cathy-community-fullcathy-headshotBy Cathy Hird

Last week, in the wake of inhuman violence, it was hard to be hopeful, hard to believe in the possibility of wholeness for our world community. While the attacks in Paris held the top of the news, people also experienced horrific violence in Yemen and Nigeria. Those near these attacks are grieving, in shock. For those not directly in the line of fire, this violence that targets civilians attacks our hope, our sense of personal security, our sympathetic understanding of others.

These were actions taken by people who identify as Muslim. Islam has been tarnished again. Other Muslims are speaking up this week, condemning the violence and articulating their understanding of the prophet Mohammed and the teachings of their religion.This conversation needs to happen within Islam, but those who are not Muslim can listen in. I encourage you to take a look. One article I appreciated was written by Omid Safi, director of Islamic Studies at Duke University. His piece is Nine Points to ponder on the Paris shooting and Charlie Hebdo.

All of us are left to deal with the feelings these attacks sparked, feelings of vulnerability, isolation, fear and confusion. Confusion may be the hardest. We cannot comprehend the emotion of the victims, the trauma of those who survived, and we cannot get our heads around the thinking of the perpetrators. Confusion breeds anxiety. Anxiety makes us defensive.

The pain, the acts of hatred and disdain can spark a desire for punishment and retribution. There is a desire to prevent such attacks, but because we cannot comprehend them, we cannot imagine what would need to change to stop this kind of attack. Retribution may be the only response we look for.

Sometimes it seems as if another person's violent actions take over our minds and hearts. It is important to recognize that the emotions the attacks trigger are ours. We can deal with our emotions. We can ensure that we do not become as angry, as full of hate, as prone to a violent response even if our violence would be a punishment endorsed by the state and international order.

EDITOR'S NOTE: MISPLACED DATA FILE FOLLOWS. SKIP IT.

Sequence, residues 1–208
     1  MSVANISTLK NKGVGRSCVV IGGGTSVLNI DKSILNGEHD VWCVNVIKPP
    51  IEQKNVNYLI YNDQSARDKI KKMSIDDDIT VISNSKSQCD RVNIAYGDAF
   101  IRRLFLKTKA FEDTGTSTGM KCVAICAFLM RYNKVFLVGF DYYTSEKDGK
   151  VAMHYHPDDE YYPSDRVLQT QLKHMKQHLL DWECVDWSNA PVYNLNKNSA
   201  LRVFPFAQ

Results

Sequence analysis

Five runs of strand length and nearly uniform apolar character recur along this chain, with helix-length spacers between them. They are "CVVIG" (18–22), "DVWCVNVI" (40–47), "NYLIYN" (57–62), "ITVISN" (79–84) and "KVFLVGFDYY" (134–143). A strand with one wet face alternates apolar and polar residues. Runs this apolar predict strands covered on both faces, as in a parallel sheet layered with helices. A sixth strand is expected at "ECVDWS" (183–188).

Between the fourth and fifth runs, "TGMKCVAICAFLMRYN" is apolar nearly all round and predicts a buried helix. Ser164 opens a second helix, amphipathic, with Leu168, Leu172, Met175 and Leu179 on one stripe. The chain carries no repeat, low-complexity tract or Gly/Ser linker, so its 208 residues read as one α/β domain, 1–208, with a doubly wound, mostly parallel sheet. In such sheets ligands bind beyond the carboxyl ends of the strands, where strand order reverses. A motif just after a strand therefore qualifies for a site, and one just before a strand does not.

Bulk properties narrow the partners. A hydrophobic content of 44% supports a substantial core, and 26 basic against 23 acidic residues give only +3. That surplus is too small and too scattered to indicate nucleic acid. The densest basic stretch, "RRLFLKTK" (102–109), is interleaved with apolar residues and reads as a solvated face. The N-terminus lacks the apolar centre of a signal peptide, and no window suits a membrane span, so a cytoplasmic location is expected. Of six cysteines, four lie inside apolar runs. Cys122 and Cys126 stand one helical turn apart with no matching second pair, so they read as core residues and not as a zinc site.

Last week, I finally started reading Lawrence Hill's The Book of Negroes. Early in the story when the young girl is captured and struggling to cope with the way her humanity is stripped from her, she says: "To gaze into another person's face is to do two things: to recognize their humanity, and to assert your own." (p 29) At that moment, as she discovers that some people do not care if she lives or dies, she asserts the African idea of ubuntu, the sense that we are human together. For me this picture of looking into someone else's face, asserting their humanity and my own, calling on the best from us both, helps me to see how I want to be in the world even in the midst of violence.

The girl's words reminded me of a story Nelson Mandela tells in his autobiography, Long Walk to Freedom. At the moment he and others are brought to Robben Island, the guards use whips to try to get them to run. The guards yell at them as though they were cattle. Mandela tells his companions that they will walk like men. In prison, he will insist that his captors treat him as human even as he treats them as human. This was part of the process that enabled him to be a transformative force in his land.

How do we keep acts of terror from triggering hatred in us? When we are face to face, looking eye to eye, we cannot act with the same violence, fear and loathing. Yes, nations need to be astute about security. Yes, individuals on the rampage must be stopped. But treating a whole religion as inhuman will not lead us forward. Looking at each other as part of the same human community may.

We in Owen Sound do not get to look the leaders of Boko Haram in the face. We do not have that much power or responsibility. We are responsible for the prejudices alive in our community. We are responsible for the attitudes that are nurtured in our society because these affect the actions our government is free to take. And each of us is responsible for the emotions we feed in ourselves. Looking into the face of those we meet, acknowledging their humanity and calling them to acknowledge ours is a first step, a basic step in finding a peaceful way forward.

Cathy Hird is a farmer, minister and writer living near Walters Falls.